Paying for later-life care post-Covid-19

PUBLISHED: 11:27 01 May 2020 | UPDATED: 11:27 01 May 2020

The coronavirus pandemic has highlighted the pivotal role care homes play, says Peter Sharkey. Picture: Getty Images

The coronavirus pandemic has highlighted the pivotal role care homes play, says Peter Sharkey. Picture: Getty Images


The recent virus crisis has the highlighted pivotal role played by care homes – but paying for them will remain a struggle for millions, says Peter Sharkey.

In a recent, pre-lockdown article published in the Telegraph, British conservative author and journalist Douglas Murray claimed that “intelligent people steer clear of politics these days”.

He had a point. There are very few politicians who distinguish themselves as intellligent, let alone as clear leadership material – though the Chancellor Rishi Sunak is a notable exception. The coronavirus crisis has highlighted this dearth of political talent. Indeed, it’s a bit worrying that although the ship of government appeared relatively stable, once the PM was sidelined after contracting the virus, no one stepped up to the plate and gave the impression of being in control.

Like Mr Sunak, our Prime Minister projects a commanding personality. What’s more, in contrast to several of his recent predecessors, he tends to get things done. Which brings me to a comment made the day after the Tories clinched a thumping election victory last December, whereby he said that nobody should have to sell their home to pay for the costs of care.

He’s right – yet as the population ages and care costs soar (the average cost of a room in an English nursing home is now £937 a week, the equivalent of £48,700 a year), distressing nightly news reports have made it painfully clear that although care homes are integral to the provision of later-life care, they are considered slightly peripheral to the core healthcare system, probably because many are privately owned.

In contrast to the established custom in Asia and the Far East (Japan especially) where elderly folks are cared for by their families under one roof, this tends not to be the case closer to home.

Yet such is the astronomic cost of care that perhaps we will become more like the Japanese and accommodate elderly parents once they become too frail to look after themselves. For the time being, however, we must contend with social care funding rules – which are labyrinthine at best – and accept, albeit reluctantly, that significant regional variations in the quality and cost of care exacerbate the situation.

It is scandalous that what are deemed ‘self-funded care home residents’, i.e. those with assets of more than £23,350, can pay up to 35pc more than councils are charged for exactly the same level of care. As a consequence, millions of families are contemplating how increasingly costly care will be paid for.

Unfortunately, there are a thousand other longer-term matters for the government to address once it is able to reignite the economy. Spending lots of money will be central to any economic recovery plan, so it is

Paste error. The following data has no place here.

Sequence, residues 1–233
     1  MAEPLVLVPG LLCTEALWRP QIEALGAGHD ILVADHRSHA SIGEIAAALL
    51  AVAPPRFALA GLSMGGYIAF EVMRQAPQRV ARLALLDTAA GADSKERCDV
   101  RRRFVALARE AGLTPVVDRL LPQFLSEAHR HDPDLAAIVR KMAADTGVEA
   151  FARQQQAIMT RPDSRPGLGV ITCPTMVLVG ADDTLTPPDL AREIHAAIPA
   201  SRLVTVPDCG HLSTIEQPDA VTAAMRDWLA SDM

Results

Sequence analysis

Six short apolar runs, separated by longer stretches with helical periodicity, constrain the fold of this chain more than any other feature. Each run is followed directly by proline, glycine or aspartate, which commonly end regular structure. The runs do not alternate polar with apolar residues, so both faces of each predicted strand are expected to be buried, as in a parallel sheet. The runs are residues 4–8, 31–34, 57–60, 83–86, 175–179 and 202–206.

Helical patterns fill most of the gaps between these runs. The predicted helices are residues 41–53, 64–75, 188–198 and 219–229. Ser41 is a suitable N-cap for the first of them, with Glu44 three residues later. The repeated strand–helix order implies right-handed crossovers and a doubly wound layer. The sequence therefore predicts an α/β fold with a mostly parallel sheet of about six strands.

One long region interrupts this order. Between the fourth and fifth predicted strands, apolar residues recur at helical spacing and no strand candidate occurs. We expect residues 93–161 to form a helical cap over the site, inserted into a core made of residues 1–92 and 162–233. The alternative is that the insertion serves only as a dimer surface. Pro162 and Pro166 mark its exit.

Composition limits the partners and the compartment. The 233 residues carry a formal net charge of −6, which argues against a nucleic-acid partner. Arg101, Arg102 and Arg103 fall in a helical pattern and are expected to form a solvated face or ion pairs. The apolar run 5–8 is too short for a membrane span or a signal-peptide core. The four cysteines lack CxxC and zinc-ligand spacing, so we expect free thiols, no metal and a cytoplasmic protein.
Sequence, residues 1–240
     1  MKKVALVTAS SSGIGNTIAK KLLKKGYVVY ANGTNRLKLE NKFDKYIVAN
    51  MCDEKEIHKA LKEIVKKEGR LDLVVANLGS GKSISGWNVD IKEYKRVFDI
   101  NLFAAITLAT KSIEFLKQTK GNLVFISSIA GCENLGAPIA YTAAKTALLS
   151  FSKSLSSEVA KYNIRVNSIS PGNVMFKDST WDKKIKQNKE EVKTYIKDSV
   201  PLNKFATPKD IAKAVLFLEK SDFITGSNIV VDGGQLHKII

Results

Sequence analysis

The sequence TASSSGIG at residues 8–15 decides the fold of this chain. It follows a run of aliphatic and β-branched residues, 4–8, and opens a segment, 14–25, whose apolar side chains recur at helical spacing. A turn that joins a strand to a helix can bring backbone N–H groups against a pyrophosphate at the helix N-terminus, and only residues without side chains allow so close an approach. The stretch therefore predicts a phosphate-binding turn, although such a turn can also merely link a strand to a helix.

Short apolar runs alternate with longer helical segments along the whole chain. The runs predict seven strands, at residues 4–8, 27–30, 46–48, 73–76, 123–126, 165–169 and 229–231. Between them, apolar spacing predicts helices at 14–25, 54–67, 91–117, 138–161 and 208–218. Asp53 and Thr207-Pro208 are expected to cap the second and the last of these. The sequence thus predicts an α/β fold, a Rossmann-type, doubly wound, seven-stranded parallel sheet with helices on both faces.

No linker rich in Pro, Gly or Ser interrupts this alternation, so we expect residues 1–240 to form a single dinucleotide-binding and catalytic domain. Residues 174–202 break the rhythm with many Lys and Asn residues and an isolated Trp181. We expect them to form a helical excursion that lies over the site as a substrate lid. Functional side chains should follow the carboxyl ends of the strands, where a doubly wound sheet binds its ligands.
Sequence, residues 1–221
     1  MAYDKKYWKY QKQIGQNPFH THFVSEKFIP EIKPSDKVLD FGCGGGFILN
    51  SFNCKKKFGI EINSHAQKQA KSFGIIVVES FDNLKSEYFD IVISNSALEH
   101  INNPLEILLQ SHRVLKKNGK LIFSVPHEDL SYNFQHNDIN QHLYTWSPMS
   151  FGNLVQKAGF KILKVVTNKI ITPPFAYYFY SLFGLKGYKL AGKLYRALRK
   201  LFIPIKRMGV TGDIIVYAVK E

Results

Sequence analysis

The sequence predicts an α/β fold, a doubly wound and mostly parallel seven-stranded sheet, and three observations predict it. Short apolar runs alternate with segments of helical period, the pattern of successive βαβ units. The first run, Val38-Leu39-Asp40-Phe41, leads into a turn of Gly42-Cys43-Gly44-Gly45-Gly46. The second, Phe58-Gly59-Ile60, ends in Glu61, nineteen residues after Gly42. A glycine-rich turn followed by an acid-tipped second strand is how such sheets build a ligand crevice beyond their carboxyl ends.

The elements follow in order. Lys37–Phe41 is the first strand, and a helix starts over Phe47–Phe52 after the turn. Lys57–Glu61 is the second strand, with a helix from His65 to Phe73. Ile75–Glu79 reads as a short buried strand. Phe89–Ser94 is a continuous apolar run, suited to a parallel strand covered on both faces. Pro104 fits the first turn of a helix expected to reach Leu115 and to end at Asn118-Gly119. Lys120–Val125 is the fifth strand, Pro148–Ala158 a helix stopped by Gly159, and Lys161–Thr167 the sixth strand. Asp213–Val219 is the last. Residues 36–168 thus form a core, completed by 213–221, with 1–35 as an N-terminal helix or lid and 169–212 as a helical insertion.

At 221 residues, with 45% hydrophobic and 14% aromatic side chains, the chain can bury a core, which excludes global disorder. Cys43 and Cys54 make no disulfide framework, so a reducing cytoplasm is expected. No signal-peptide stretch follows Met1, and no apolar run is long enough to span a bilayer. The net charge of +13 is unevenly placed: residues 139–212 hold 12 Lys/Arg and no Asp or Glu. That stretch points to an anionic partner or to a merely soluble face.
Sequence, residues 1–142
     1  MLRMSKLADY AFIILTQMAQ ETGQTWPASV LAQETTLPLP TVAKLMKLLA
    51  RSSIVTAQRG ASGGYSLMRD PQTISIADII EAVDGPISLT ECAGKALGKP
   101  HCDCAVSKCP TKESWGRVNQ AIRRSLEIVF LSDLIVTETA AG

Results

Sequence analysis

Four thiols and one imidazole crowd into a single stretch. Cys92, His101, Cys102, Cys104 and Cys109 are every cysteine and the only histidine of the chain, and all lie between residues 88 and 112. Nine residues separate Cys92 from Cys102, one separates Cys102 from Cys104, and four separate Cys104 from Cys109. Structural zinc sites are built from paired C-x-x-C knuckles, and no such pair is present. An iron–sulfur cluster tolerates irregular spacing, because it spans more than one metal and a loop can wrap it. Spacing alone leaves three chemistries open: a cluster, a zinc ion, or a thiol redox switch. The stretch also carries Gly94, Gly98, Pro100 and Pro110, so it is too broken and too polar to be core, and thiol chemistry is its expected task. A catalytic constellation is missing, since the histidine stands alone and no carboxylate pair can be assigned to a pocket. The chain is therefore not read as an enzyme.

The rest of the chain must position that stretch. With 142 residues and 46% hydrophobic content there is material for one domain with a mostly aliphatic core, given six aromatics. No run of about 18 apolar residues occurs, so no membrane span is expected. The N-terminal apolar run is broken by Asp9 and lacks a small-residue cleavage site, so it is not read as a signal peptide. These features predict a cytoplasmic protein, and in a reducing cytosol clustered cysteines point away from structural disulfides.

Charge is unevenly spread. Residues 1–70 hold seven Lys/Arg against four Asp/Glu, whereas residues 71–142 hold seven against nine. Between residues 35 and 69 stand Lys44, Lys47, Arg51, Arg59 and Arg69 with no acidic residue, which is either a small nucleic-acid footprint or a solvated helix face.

to be hoped that care costs will not resume their ‘peripheral’ status once the coronavirus is defeated.

Don’t hold your breath, however, and in the meantime it might be worthwhile exploring the equity release option.

Equity release enables homeowners aged 55 and over to release a percentage of the equity built up in their homes, often over many years. Once released, the funds, which are tax-free, may be used for any purpose, including social care.

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Homeowners have the option of taking either a lump sum or using a ‘drawdown’ equity release plan to withdraw smaller, regular amounts – an arrangement that can prove convenient when care costs are likely to be spread over 
a longer period.

There are no monthly payments to make for withdrawing equity: the funds only become repayable either when you die or move into full-time residential care, usually from the property sale proceeds. Moreover, should one spouse need to go into full-time residential care while the other remains in the family home, the property’s value should not be included in the local authority’s means test. This should result in reduced 
care costs, although it is dependent upon what other income and assets the couple may have.

Releasing equity is not for everyone – and before plans are made to use equity release as a means of paying for later life care, it is important that homeowners take advice from a fully-qualified equity release adviser.

In a perfect world, ways of delivering later life care at negligible cost would be found, but most folks who have long cultivated more than a few grey hairs know this is highly unlikely. Instead, they recognise the merit in exploring how care can be paid for without relying on the state.

Equity release: your questions

In light of the current crisis, readers may wish to learn more about equity release.

You can read hundreds of blogs and articles dealing with the subject on the Moneymapp website, including one of the UK’s best equity release blogs at:

In addition, there’s a wealth of information to be discovered at:

Alternatively, if you have any queries regarding equity release, you may email your questions to:

Please note, cannot advise readers on whether equity release is suitable for them, but it can introduce you to qualified professional experts who can answer your specific equity release questions. When emailing, please provide a daytime telephone number.

For more financial advice, check out Peter Sharkey’s regular column, The Week In Numbers.

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